White tablecloths, handsome waiters, windows thrown open on a warm spring night— people call to one another in the street two flights down, and I hear the occasional snippet of Italian. The faint aroma of a freshly lit cigar wafts up, mingling with hints of herbs and grilled meat. You could be in any restaurant in Italy.
By Sara Daly — Photographed by Jazz Martin
Or, you could be at Aria Trattoria in Boston’s bustling North End. The tiny restaurant opened in January in the space that previously housed Marco. Since then it’s seen some changes including new floors, windows and a new bar, breathing fresh life into the small trattoria with a prime location overlooking Hanover Street. The new feel strikes a balance between traditional and modern Italian, and the menu reflects a combination of old family recipes and refined plates prepared with a lighter touch.
We began dinner with Aria’s salumi, and with the exception of the prosciutto (which is made in Italy) the charcuterie is made in-house. Accompanied by pungent pecorino, slices of pear, and drizzled with truffle honey, Aria’s salami and bresaola were particularly impressive—delicate, spicy, and thinly sliced. We took turns mopping the last of the truffle honey with bits of fruit and bread, a perfect way to ease into a meal after a hectic day. As the sun dipped behind the building tops, I sipped a glass of Pinot Grigio and perused the menu.
Guests can order a la carte at Aria, but they also have the option to “fare un viaggio,” that is, take a trip. The three-course menu includes appetizers, pasta for the table and an entrée for each person—all selected by the chef. I was curious and asked the owner, Massimo Tiberi, if many people choose this. “Lots of people do,” he told us enthusiastically. “They’re looking for the full experience and this is the way people tend to eat in Italy.”
This is also the way we ordered—entrusting ourselves to the kitchen to send a selection of appetizers, pastas and entrées. While it was more than we could eat, I suggest trying it. I’ve never regretted ordering a chef’s menu in a restaurant, and you typically get to sample a better variety of things.
Tiberi is from Abbruzzo, and the menu features dishes from this part of southern Italy. His wife is from Greece, and you’ll also see Greek influences. Recipes from both mothers are prominent on the menu (the restaurant is named for Tiberi’s daughter, now nearly two years old). Our next two appetizers were gamberi al limone and spiedini al aganello; grilled Lemoncello shrimp and marinated lamb skewers. The shrimp were crunchy, sweet and slightly salty from the pine nuts and capers. The lamb was tender, charred and peppery — medium rare on the inside. Both were cooked perfectly.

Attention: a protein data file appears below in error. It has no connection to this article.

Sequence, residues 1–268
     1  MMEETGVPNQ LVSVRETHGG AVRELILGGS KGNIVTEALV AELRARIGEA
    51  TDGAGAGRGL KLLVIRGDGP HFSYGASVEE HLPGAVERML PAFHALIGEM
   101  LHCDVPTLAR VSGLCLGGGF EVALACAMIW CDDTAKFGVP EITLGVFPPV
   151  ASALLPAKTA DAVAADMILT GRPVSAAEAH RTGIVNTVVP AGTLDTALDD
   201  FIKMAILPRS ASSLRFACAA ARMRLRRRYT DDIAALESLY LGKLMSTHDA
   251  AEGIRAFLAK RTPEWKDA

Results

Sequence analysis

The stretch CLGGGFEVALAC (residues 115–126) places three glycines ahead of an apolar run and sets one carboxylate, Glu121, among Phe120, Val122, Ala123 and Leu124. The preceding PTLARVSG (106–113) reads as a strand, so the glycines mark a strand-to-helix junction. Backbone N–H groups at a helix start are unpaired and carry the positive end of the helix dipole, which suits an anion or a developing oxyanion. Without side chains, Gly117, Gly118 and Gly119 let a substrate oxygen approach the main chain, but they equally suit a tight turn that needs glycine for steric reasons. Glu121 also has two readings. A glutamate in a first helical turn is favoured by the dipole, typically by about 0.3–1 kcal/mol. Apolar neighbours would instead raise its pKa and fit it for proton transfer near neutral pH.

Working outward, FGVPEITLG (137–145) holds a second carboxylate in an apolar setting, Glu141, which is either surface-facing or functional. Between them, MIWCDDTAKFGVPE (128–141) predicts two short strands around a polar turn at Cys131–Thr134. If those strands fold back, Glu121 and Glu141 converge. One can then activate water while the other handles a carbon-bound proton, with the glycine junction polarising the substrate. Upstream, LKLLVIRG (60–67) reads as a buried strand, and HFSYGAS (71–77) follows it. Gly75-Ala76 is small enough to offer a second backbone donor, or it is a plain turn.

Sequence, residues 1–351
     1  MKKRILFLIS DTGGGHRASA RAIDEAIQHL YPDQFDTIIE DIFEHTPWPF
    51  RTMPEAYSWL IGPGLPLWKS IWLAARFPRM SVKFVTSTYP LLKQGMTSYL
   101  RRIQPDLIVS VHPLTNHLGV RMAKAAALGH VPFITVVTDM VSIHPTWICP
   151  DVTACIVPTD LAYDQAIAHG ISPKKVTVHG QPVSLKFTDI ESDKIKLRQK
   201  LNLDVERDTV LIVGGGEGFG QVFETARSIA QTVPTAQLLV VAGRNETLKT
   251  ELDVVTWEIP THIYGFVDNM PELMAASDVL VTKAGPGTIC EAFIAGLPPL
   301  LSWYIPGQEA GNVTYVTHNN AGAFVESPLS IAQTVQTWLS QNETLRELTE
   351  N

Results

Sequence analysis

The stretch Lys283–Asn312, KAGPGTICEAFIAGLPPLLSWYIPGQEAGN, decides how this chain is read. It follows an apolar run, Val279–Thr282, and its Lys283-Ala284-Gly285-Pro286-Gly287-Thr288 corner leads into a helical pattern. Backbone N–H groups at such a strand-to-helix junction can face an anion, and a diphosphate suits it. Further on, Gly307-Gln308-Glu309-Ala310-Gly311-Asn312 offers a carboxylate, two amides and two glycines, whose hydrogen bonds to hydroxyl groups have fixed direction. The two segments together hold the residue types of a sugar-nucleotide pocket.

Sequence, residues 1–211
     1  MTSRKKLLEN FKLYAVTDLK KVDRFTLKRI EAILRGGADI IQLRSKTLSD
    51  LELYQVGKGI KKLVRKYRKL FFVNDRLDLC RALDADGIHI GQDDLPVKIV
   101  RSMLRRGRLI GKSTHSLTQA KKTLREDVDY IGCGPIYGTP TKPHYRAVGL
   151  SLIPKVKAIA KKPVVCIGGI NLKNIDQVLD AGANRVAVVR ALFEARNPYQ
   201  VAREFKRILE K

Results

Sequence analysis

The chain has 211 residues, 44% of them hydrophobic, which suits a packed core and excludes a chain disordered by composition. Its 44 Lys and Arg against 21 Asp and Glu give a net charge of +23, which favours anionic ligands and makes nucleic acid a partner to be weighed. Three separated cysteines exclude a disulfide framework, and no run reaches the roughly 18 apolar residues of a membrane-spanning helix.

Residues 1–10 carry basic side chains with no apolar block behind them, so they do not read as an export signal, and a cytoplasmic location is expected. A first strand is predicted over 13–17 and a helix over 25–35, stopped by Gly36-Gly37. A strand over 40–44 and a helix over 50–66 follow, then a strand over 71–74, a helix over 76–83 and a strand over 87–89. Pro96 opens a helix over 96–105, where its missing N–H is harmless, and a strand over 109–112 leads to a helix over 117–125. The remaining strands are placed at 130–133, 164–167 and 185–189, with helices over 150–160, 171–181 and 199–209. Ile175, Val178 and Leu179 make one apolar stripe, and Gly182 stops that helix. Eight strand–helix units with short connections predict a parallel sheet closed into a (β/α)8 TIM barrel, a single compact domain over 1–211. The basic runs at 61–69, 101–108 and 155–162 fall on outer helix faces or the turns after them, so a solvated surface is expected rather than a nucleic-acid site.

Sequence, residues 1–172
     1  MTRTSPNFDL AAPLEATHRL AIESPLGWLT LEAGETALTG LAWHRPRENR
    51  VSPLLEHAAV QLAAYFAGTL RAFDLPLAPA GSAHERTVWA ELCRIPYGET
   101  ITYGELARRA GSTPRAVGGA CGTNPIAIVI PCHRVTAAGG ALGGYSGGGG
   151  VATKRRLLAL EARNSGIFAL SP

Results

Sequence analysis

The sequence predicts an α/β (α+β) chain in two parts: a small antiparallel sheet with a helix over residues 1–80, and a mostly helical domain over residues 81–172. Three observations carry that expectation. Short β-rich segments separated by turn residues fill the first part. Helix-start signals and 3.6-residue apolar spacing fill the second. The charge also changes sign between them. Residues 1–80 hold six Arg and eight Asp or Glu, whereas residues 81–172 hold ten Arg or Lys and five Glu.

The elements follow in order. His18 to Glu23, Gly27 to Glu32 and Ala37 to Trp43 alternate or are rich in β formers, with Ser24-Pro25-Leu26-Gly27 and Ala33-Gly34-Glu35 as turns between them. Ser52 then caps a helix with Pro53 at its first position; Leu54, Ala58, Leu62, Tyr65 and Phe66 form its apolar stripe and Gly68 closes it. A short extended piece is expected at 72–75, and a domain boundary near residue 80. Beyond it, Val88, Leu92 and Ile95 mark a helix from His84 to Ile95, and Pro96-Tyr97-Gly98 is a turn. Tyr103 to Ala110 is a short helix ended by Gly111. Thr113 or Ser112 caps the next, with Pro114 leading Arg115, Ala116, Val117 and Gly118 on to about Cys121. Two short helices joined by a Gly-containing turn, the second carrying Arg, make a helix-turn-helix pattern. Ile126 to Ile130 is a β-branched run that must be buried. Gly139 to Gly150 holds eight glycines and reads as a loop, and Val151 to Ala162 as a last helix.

The final appetizer was a flatbread pizza. Pizzete con aragosta combines fra diavola, a spicy tomato sauce, with lobster, fontina and banana peppers on a grilled crust that added great crunch to the pizza. A bit of spice throughout the dishes was a noticeable and welcome change from the usual at Aria.
Our spaghetti con vongole, which came next, was outstanding and disappeared fast. Cape Cod clams were served over al dente spaghetti tossed with olive oil, garlic, wine and crushed red pepper. I often find spaghetti in particular is overcooked in restaurants, but here it was just right. We all agreed the vongole was the perfect summer pasta.
Next, the cavatelli con agnello and bucatini all‘amatriciana arrived—which nearly stole the show. Cavatelli is small, oblong pasta, and here the pasta itself is flavored with black pepper and served in a ragu of braised, shredded lamb shank, peas and mint. If you haven’t had bucatini, it’s thick, tubular spaghetti and all‘amatriciana is one of my favorite sauces. It’s so simple, but when done right, the flavor of browned pork (guanciale is traditional) elevates a simple tomato sauce. At Aria, it’s made with house-cured pancetta, caramelized onions and San Marzano tomatoes, and it’s one of those dishes where you’ll want more bread because you can’t stand to leave the sauce. But knowing we still had entrées coming, I restrained myself.
Entrées arrived before I had time to consider how much I had eaten already—again, we were served a sampling from the menu, including porchetta, scallops with white bean ragu and chicken la Greca. The porchetta, a recipe from the owner’s grandmother, is made in the traditional style of Abbruzzo. A rustic dish, it showcases the flavor of various cuts of pork, which are wrapped in pork skin and roasted, keeping the meat very tender.
The capesante con fagoli, plump local sea scallops, were seasoned perfectly and again it’s worth noting that the kitchen handles seafood very well here. The textures and flavors were light, and they were cooked just enough. A bit of crispy prosciutto added a savory, salty note to the dish. The chicken la Greca was simply prepared—marinated then grilled—with the intense flavor of oregano true to its name. It was accompanied by grilled artichokes, which you rarely see on a menu, but they should be served this way more often. The extra effort results in tender yet crunchy artichokes that are a little bit smoky. They’re a wonderful foil to the oregano and lemon in the dish.
Beyond the great food, and options you don’t see on every menu in the North End, the service at Aria stood out. Throughout the night, the wait staff was prompt and courteous. Sharing food as we did can be messy, but even as the restaurant grew busier, tasting plates were cleared and replaced and clean silverware was set down before each course. Wine to pair with dinner was offered before I could ask. This warmth at Aria reflects the deep appreciation for family that inspired the menu—and makes you want to return.